Little Dragon – hailing from Gothenburg, Sweden – are certainly a well-established name. Now on their fifth studio album, and featuring collaborations with the likes of Gorillaz and Flume in their back-catalogue, Dragon have been quietly working near the top of their game for some time now. Given their impressive resumé, and the fact that we live in an age where electronic genres are apparently solely reliant upon throwing nouns at a wall to see what sticks, you would be forgiven for expecting Season High to be an album in the more experimental style. This is not the case. Season High is not cutting edge, nor is it avant-garde, or any other synonym to that effect that could be thrown up by a reviewer’s perusal of a thesaurus. Instead of breaking new ground, Little Dragon have opted – quite refreshingly, actually – to simply revisit some old ground, and build a very tasteful metaphorical house on it.
Season High is, at its heart, a trip-hop album. This 1990s/early 2000s vibe is unmissable throughout, as if the ‘nostalgia’ setting on the synths got stuck on 11. By the minute mark of opening track ‘Celebrate’, feet are guaranteed to be tapping along, and this won’t let up for the duration. But then, to simply leave my description at ‘trip-hop’ and be done would be to do Little Dragon a serious injustice. Although never fully departing from that core focus, Dragon aren’t afraid to bounce around a selection of influences and sounds. ‘High’ is suitably trance-inflected, with airy vocals and spacey instrumentals; further on, melodic breaks in ‘Should I’ ring out in atmospheric, psytrance-esque layers. ‘Sweet’, meanwhile, hints at everything chip-tune could be but so often isn’t – the type of track I can imagine coming on at around 3am in an 8-bit rave.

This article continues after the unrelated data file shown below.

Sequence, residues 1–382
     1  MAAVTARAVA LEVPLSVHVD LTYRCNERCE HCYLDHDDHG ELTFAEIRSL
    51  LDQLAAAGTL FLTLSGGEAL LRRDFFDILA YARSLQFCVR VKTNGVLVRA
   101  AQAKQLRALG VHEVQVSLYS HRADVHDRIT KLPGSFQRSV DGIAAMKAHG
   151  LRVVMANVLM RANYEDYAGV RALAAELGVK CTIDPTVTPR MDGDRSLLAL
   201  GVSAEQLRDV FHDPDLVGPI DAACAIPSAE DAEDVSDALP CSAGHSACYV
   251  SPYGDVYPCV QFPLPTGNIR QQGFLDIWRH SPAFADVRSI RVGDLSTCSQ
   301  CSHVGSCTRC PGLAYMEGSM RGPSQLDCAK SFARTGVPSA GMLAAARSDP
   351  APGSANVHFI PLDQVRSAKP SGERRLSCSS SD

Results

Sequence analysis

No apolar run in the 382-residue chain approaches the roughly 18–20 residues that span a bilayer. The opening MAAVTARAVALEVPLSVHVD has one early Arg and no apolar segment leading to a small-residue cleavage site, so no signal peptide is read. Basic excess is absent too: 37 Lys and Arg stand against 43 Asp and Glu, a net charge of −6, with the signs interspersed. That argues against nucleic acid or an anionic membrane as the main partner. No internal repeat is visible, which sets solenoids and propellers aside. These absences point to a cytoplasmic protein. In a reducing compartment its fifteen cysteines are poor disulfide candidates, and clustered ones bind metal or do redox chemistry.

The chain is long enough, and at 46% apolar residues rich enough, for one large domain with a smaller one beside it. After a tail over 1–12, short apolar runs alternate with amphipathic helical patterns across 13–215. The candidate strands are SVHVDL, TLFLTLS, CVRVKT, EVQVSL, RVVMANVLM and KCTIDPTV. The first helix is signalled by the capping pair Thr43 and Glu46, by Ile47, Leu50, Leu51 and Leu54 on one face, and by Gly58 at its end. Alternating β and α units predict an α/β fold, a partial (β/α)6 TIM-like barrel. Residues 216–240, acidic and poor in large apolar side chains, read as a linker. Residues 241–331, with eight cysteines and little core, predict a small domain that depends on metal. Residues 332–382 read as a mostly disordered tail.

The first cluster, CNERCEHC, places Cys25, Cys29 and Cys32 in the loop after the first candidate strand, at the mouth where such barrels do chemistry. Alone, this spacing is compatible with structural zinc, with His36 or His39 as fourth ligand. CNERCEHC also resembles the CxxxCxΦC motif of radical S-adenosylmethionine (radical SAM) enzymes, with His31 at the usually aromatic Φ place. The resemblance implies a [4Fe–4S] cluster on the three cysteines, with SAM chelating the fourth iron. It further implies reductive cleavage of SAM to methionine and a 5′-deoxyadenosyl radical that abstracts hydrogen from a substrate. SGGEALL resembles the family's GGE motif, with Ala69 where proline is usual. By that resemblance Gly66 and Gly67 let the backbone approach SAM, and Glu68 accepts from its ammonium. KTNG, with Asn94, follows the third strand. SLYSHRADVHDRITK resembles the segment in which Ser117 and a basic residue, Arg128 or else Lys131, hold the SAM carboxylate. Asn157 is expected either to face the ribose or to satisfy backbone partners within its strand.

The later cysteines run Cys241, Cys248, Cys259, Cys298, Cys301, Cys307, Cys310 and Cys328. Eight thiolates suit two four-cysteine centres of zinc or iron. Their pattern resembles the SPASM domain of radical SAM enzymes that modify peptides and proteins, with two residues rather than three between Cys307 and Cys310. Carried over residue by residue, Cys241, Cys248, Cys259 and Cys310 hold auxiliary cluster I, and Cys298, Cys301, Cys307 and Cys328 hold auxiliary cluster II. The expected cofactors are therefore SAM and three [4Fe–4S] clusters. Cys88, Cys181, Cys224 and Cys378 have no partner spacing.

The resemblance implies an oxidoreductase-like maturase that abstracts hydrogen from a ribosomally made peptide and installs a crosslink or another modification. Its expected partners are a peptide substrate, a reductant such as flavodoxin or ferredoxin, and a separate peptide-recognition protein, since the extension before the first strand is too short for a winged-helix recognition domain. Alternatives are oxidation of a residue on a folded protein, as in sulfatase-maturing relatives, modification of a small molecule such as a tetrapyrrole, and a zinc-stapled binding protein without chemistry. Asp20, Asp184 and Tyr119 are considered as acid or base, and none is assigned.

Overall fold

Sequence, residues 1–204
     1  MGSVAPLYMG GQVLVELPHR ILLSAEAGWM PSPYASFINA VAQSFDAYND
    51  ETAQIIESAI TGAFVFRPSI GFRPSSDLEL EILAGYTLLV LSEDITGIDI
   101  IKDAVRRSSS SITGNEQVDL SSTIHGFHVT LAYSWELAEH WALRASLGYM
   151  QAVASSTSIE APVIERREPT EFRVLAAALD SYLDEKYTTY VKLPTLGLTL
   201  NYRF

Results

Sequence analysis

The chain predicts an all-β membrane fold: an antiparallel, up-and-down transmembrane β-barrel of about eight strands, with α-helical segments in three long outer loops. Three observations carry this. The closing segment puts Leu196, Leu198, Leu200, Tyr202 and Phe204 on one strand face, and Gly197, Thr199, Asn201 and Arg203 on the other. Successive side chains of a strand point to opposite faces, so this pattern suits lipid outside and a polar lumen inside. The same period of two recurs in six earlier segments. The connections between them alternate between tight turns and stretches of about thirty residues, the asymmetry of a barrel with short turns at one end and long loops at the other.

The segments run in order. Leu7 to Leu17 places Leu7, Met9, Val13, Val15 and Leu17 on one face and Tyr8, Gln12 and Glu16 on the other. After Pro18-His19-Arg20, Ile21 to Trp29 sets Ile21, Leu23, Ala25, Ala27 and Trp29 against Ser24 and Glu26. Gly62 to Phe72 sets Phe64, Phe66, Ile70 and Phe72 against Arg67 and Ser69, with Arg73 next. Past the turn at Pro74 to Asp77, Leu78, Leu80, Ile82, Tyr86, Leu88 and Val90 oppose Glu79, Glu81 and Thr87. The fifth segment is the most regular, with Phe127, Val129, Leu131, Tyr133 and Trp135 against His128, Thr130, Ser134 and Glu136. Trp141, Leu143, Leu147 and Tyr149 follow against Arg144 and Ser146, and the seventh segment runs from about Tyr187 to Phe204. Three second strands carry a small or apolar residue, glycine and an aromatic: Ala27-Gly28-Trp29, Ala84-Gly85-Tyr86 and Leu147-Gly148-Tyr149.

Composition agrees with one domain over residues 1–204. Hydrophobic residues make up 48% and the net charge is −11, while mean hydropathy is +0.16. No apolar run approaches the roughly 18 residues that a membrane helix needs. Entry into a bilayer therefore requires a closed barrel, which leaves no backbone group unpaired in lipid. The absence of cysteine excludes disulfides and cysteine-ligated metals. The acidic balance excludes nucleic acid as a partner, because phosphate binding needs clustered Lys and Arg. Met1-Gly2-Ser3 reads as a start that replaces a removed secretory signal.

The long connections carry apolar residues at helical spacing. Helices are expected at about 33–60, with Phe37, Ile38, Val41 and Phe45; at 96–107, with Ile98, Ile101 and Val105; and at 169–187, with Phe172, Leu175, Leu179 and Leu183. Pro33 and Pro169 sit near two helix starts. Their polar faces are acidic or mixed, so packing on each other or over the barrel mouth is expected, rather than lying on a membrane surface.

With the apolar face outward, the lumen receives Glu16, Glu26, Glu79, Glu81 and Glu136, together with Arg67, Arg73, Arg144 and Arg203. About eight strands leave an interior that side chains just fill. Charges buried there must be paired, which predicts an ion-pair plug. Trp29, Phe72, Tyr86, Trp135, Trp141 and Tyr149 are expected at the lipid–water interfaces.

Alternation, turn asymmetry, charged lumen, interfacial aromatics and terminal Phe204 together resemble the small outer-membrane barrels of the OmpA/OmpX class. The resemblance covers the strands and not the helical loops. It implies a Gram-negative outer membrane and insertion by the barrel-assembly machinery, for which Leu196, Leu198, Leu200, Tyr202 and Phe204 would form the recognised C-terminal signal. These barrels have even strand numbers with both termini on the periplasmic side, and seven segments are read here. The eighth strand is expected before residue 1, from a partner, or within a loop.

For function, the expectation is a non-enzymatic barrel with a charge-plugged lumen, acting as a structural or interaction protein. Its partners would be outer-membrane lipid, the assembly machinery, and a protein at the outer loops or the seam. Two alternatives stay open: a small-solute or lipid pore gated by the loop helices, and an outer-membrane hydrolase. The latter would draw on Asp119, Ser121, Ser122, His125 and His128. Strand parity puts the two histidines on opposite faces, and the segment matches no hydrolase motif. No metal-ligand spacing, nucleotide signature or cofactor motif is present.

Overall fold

By the minute mark of opening track ‘Celebrate’, feet are guaranteed to be tapping along
Little Dragon’s talent shines through in Season High, but not ostentatiously. Vocal work is strong throughout (particularly on ‘The Pop Life’), but never overstated; layering is carefully curated, and nowhere in the album does the mix risk becoming just ‘noise’. Whilst Season High may not be amongst the most ambitious electronic albums coming out at the moment, it shines through on being so very well put together. For an album as a whole, cohesive and strong production is just as valuable as the merits of the individual tracks, and whilst Season High is not stocked to the rafters with outstanding standalone tracks, as an album unit it is inarguably an achievement. A fulfilling listen from start to finish, Season High may not be setting any new trends, but it certainly succeeds in bringing together a refined palette of influences into a definitive and expertly constructed sound. While not an eye-opener, Season High is certainly an ear-pleaser.